Later we were bouncing around in the reflected swells off the 800ft high cliffs at Capo Grosso. We still made good time to Cape Matapan which would be the most southerly point of mainland Europe if it were not for Tarifa in Spain. Turning north into the now fresh afternnon north westerly we shot up to Porto Kayio on the flat water in the lee of the Cape. We failed three times to get the normally trusty CQR to penetrate the weed, so tried the new Fortress for the first time and it worked well. A couple on a nearby Australian yacht, who were swimming with snorkels helpfully gave a running commentary on our anchors' behaviour.
In the calm and blisteringly hot morning we motored most of the way up to Yithion at the head of the gulf of Lakonika. We anchored for swimming off the small boatyard on the north side of Kranai island where Homer tells us Paris spent his first night with Helen! Later we bagged the last spot alongside the quay, although there were only two other yachts. A couple came up and asked us to join a race back to Kardamila the next day, we politely declined! We were up early to take the bus to Sparta and then a taxi to Mistra where we slowly walked down through the amazingly preserved Byzantine hill town, before returning to Yithion to get a hose on board Aqua Blue, an opportunity not to be missed in in southern Greece. Pandora, the huge alloy yacht in front of us, had been built by an English couple over ten years no less, while they worked in Germany. They were now enjoying a sabbatical with their two young children. Yithion is off the track of yachts rounding the Peloponnese, but it¹s worth making the detour.
The south westerly sea breeze arrived early in the morning and we had a fast close reach, despite full water tanks, down to Elafonisos island to anchor off one of the beautiful southern beaches for the rest of the day, in the company of Pandora again. The beach bar surprised me by playing gentle jazz into the early hours.
We left early to do battle with Cape Maleas, the windy entrance to the Aegean sea, and for the second time had a good beat up to the towering cape only for the wind to die, necessitating a tedious motor up to the anchorage just south of the causeway to Monemvasia. Ashore later for ice creams we found a small lorry full of friendly piglets on their way to become souvlaki.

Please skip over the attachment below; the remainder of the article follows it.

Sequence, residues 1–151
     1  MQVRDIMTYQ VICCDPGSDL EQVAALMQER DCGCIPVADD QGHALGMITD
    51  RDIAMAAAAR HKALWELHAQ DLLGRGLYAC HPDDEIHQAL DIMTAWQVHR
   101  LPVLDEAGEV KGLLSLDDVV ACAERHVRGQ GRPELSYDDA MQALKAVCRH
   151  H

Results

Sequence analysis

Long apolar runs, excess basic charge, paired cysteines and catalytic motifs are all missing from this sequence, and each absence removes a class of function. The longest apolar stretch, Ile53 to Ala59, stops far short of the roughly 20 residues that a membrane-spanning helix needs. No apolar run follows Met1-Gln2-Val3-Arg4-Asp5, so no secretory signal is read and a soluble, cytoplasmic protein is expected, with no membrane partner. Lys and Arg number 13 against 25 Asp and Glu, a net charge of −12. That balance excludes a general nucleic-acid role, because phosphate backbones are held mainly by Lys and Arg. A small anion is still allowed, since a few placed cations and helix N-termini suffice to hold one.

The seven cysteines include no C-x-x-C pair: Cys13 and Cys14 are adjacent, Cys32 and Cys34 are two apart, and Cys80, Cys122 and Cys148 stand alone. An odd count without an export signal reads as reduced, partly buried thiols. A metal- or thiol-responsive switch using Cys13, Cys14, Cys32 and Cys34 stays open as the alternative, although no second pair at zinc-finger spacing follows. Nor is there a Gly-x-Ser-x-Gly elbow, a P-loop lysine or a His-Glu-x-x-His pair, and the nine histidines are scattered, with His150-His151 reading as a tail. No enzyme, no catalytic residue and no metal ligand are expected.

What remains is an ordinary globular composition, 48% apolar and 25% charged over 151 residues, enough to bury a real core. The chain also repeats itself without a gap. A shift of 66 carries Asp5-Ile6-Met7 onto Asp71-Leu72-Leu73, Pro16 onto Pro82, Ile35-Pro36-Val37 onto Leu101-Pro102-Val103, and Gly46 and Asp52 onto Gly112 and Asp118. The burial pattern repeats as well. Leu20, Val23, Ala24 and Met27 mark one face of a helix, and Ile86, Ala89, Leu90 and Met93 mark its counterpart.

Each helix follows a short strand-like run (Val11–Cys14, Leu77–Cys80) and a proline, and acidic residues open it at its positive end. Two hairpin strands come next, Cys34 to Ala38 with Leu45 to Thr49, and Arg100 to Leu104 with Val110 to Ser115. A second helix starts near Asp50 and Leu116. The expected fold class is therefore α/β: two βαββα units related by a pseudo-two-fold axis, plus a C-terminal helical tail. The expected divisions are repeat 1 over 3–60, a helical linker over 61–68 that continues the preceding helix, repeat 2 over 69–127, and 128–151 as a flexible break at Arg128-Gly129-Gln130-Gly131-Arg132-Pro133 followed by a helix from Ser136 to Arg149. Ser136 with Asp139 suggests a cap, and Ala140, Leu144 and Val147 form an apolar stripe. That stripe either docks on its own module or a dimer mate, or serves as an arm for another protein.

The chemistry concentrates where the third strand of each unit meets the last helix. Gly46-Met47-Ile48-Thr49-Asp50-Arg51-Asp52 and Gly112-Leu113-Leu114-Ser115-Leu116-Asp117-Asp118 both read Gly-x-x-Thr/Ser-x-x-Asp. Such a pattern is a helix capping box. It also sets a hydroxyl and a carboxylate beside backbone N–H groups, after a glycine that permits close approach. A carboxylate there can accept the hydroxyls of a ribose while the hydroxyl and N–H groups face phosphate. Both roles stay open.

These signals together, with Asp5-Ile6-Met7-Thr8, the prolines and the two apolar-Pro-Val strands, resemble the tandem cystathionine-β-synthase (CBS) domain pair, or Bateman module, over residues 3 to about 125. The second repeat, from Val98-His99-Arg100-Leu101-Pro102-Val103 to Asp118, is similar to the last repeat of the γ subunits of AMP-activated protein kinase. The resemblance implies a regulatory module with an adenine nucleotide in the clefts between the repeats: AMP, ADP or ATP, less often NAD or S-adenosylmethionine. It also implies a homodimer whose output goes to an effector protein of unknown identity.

In the calm morning Humphrey and I obtained two barrels of diesel from the station on the causeway, most convenient. By the time we had them back on board a fresh northerly had arrived. We put out, but very shortly we were reefing and making poor progress with up to 30knots on the nose, with the dinghy on the netting and the outboard on the float taking a battering. Louise was already occupying a nest of cushions on the floor below, so only slightly reluctantly I turned back and Aqua Blue spent the rest of the day swinging to two anchors. Humphrey and Stella climbed to the summit of Monemvasia while I stood anchor watch with Louise. The wind dropped by early evening and Humphrey suggested we leave immediately, but I wasn¹t sure about a night passage in a possible Meltemi so we stayed and ate ashore again.
By breakfast the wind returned even stronger and several yachts ran down to the anchorage, some with torn sails. There were frequent mini waterspouts spinning off the lee of the peninsula and I began to wonder how long we would be galebound. However after lunch and a siesta in the heat, the wind began to drop again. By mid afternoon the boat swung to a light southeasterly and this time I agreed with Humphrey and we rapidly recovered the two anchors and ventured out past the imposing headland. We motorsailed north over the sizable sea still running, but it soon started to decline. A light northeasterly returned south of Spetsai and Humphrey and I enjoyed a gentle beat round the island to sail very slowly into Porto Heli in the early hours.
I admired the huge sheltered harbour in the morning, where many yachts winter on buoys. The quay was bit quiet though, since apparently this is one of the Greek ports where harbour dues are collected. We left and sailed outside Dhokos island and inside Hydra in a rising wind, then finally through the Poros channel, dodging hydrofoils on the way, to anchor in Neorion bay, not far from the villa made famous by Henry Miller. After a good meal ashore we stumbled upon an extensively stocked supermarket hidden in the trees behind the beach. They had our favoured half bottles of Retsina (to fit in the fridge easily) and even olive pate whose flavour is not appreciated by all.
A late start from Poros meant we had to tack north to clear Methana in up to 24kts. Louise and Stella took to their bunks with good books while the grizzled crew reefed the main and genoa and set the staysail. This cutter rig although rather time consuming to get right does produce a light helm and plenty of power to drive Aqua Blue over the seas. In the late afternoon the wind dropped again and we drifted up to Palou Epidavros. There were only two yachts anchored in this quite stylish resort and we had a good meal ashore in Hotel Mike.